What is Cystinosis?
Cystinosis is a rare, inherited disease characterized by the abnormal accumulation of the amino acid cystine. The build-up of cystine in the cells eventually destroys all major organs of the body. Currently, there is no cure … only a time demanding, around the clock treatment. This rare metabolic disease afflicts 75 children and young adults in Canada, and only 2,000 worldwide.
What are the symptoms?
- Kidney decline with end-stage in ‘treated’ cases at approximately 15 to 28 years old with dialysis and/or kidney transplant required
- Dehydration due to impaired kidney function result in increased urination and thirst
- Sensitivity to light due to crystals in the eyes require cystine-dissolving eye drops
- Stomach/gastrointestinal problems that include nausea, vomiting , heartburn and reflux
- Muscle wasting and weakness of limbs beginning in the hands
- Slow growth resulting in children shorter for their age due to organ damage, nutrient issues and bone disease
- Rickets due to high levels of phosphorous that are normally eliminated in the urine
Cystinosis symptoms usually appear with in the first year of life. A diagnosis is commonly made by examining the eyes for the presence of corneal crystals and is confirmed by measuring the level of cystine in blood cells. Patients with cystinosis have cystine levels up to 100 times the level found in individuals without the disorder.
The condition is caused by the continuous accumulation of the amino acid ‘cystine’ found in every cell of the body in a compartment called the lysosome and, without treatment, cystine continues to accumulate and cause irreversible tissue and organ damage.
In people who don’t have cystinosis, the cystine and other amino acids such as lysine are naturally eliminated from the body.
A normal lysosome where cystine and lysine are produced and eliminated through the lysosomal membrane
(L) Untreated lysosome where cystine cannot exit (R) Untreated cell is destroyed as cystine accumulates
The primary goal of treatment is to preserve the organ functions for as long as possible and adherence to medication on a 24-hour basis is critical. Cystine-depleting medication may help delay progression of the disease and specialized eye drops are required.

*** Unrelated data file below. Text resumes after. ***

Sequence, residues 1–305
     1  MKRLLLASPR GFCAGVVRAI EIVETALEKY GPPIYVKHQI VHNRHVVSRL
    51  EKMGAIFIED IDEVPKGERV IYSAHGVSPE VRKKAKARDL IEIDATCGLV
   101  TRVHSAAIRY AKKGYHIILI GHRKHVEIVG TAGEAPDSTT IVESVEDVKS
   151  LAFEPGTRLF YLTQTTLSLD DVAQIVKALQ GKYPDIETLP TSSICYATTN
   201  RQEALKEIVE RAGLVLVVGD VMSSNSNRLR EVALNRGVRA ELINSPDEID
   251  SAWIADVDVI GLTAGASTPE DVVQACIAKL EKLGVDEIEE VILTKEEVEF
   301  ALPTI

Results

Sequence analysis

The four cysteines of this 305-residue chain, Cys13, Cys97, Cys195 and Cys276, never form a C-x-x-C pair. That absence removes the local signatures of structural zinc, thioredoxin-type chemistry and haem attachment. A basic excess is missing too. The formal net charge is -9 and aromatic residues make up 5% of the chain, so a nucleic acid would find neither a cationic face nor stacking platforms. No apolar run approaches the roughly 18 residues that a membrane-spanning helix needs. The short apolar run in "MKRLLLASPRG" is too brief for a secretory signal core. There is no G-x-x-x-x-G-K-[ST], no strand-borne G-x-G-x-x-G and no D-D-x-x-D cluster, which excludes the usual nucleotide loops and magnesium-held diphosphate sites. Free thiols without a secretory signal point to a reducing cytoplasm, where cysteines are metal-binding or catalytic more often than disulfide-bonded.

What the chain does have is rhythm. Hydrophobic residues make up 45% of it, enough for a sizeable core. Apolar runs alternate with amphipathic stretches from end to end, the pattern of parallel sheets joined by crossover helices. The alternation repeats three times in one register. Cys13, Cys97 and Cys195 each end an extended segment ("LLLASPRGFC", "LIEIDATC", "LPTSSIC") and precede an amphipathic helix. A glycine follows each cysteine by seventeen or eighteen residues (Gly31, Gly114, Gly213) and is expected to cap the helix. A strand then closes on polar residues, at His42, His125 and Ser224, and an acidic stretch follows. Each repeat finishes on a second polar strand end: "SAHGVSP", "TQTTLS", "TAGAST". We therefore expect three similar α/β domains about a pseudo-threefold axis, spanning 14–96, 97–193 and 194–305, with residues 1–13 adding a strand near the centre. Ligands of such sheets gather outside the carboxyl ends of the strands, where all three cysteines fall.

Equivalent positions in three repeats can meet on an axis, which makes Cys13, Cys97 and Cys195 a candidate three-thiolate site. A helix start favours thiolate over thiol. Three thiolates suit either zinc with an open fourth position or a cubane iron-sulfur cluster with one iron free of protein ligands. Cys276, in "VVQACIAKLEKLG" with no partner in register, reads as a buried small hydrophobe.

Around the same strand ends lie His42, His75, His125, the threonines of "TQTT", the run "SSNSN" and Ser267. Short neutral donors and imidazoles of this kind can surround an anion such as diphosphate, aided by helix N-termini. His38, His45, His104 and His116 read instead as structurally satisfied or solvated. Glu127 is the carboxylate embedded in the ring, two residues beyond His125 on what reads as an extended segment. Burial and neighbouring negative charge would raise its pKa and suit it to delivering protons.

As patients age and kidney function declines, patients are eventually placed on a transplant list.
The outlook for cystinosis patients has improved considerably over the past few decades but there are still many challenges.
Olivia must take her medication every six hours in addition to eye drops. It is a commitment by the entire family. “Olivia has to have her medication at 7am, 1pm, 7pm and 1am,” says Erin Little. “It’s a 10 minute procedure but it must be done at exactly the same times including the middle of the night.”
Olivia was born a healthy 7lbs.14oz and measured 20 ½ inches long. Olivia did everything “normal” babies do; she smiled, laughed, rolled over, babbled and played.
However, that soon changed around six months when she found a love for water and hated food. Olivia had zero interest in food and this soon became a daily battle. The doctors kept encouraging her parents to keep trying new foods, to keep the environment calm and to limit her water intake. However, by nine months Olivia’s mom Erin knew something was not right. Olivia was no longer thriving as she had been up until now. Olivia still hated eating and would drink her way through meals, but thankfully Olivia loved her bottle. She soon learned the word water or as she called it ‘wawa’.
It was shortly after this, in 2011, that Olivia was rushed to the hospital in kidney failure and the Littles received the devastating diagnosis that Olivia had cystinosis.
Olivia’s daily regime
Olivia’s day begins at 7:00 a.m., whether she likes it or not. It’s time for her daily dose of vitamins (medication) as Olivia’s parents refer to them as. Olivia receives 44 different vitamins every single day. The vitamins must be given every six hours around the clock, every day.
Along with the strict schedule, Olivia must always have access to water. On an average day, she drinks approximately two gallons of water. With such large amounts of water she doesn’t travel far from a bathroom.
Liv-A-Little Foundation Mission
Liv-A-Little is committed to supporting the advancement of treatments and ultimately a cure for cystinosis, by educating, promoting and funding progress.
Unfortunately, because there are so few diagnosed with Cystinosis, government funding into research of the disease is little to none, therefore, the upcoming golf tournament on September 22nd at Saugeen Golf Club , in conjunction with the Saugeen Shores Winterhawks hockey team, will see the funds going to research.
“Every dollar we try to raise,” says Erin Little, “goes directly to research for Cystinosis. No one else, including our family, benefits. We must find a cure for this disease and therefore, 100% of all monies raised go toward that research.”